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<p>Any other midwives or apprentice midwives here who are not planning to get the narm cert. or get licensed?  Sometimes with all the talk about cpm this and cpm that, it seems that people have forgotten that there's more than one way to become or be a midwife.  Who else here considers the trust women put in them enough of a title?</p>
 

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<p> I've <strong>never</strong> liked the idea of certifications, which I think tend to have a hypnotic effect upon people IYKWIM.  Clients see certificates on the wall of the office, and they start to make a lot of assumptions about both the skills and integrity of the provider--generally speaking, of course.  Providers attain certificates, and they start to make assumptions too--about their power in the relationship and also, about having 'arrived' in skills/competence (again, this is a generalization).  This is my general attitude toward certifications and degrees, and it goes beyond mws to all care providers and really, any type of work--wave that paper in front of their/our eyes, and we all get sorta hypnotized!  Some more or less than others, and some not at all...but it is such a powerful trend in our cultural mindset, I think few really escape entirely from that hypnotic effect.  Or another way to say it is that certs cast a sort of spell upon all involved...and client trust comes too easily.</p>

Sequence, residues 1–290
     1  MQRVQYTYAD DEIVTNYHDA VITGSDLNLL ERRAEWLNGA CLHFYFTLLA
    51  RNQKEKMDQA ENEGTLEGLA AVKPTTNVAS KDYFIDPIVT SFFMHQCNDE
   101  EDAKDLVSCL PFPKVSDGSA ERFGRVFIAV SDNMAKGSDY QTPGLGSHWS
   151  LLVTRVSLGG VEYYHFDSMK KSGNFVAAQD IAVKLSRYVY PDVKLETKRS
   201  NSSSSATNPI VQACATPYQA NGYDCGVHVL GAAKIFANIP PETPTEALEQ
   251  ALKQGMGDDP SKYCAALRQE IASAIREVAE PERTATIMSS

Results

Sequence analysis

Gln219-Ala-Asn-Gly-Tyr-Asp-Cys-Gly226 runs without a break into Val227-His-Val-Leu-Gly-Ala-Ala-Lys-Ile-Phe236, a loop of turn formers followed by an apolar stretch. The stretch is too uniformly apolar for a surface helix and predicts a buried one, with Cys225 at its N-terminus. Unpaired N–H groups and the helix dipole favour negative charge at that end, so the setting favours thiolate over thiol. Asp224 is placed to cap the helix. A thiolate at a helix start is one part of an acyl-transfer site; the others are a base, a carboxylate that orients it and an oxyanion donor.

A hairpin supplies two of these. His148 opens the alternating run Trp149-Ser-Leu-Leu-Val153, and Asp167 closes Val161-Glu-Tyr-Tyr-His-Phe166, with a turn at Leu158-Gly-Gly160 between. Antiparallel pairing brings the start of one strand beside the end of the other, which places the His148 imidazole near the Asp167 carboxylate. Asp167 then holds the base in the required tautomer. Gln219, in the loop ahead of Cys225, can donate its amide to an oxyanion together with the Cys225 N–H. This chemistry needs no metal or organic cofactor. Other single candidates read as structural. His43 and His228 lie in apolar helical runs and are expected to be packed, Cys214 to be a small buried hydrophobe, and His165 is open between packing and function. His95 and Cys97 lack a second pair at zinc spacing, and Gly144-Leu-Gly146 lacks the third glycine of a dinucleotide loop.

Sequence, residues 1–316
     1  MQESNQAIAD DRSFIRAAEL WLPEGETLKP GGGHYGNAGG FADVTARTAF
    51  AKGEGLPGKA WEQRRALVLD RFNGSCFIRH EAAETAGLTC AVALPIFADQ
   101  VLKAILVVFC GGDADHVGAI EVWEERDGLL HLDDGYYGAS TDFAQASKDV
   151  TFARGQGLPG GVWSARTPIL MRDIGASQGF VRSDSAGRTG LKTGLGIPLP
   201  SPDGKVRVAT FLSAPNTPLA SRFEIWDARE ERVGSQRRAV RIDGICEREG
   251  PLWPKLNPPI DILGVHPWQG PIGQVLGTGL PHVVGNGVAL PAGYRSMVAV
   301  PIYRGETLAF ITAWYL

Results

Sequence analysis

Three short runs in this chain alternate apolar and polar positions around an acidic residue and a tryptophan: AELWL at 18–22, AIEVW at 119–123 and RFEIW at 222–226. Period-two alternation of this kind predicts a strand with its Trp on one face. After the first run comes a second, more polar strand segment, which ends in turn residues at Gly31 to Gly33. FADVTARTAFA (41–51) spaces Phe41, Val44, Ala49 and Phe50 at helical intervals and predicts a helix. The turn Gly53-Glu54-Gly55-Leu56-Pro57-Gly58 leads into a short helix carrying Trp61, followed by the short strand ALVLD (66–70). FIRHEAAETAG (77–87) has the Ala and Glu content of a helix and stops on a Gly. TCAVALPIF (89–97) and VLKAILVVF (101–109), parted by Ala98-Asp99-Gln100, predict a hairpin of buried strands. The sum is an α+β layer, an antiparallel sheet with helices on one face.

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<p>That said, it would be nice to be legal!!!</p>
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<p>As for NARM, I love the underlying philosophy but IRL it is too easy to abuse the system.  This is especially troubling to me in view of the above paragraph. </p>
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<p>But I think I know what you mean--and yeah, I find earning client trust is my most valued  goal.  It is my clients who make me feel I've earned the title of midwife, whatever the law or certifications... and makes the law and certs mean less, seem less dauntingly complicated.</p>
 

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<p>I don't think having multiple options to the same goal a bad thing. It just means we will serve even more women including those who feel a need to have credentials applied to their midife. Of the 7 midwives in the area there is one CNM and one licensed midwife. They are the bussiest by far. Just saying sometimes it is what people need. My 2 preceptors aren't licensed and never will. I will take the NARM but will not license likely. It is important for me to add one for thing to show that I have learned what I want and need to (on top of feeling ready, my preceptors saying I am finished etc.) I don't think there is anything wrong with that. I was self taught and have had two apprenticeships over 3 plus years plus 5 years of birth work prior to that. I think that provides a superior education compared to most structured programs, but I am thankful that there are multiple options availible to train even more midwives to serve even more women.</p>
<p>I</p>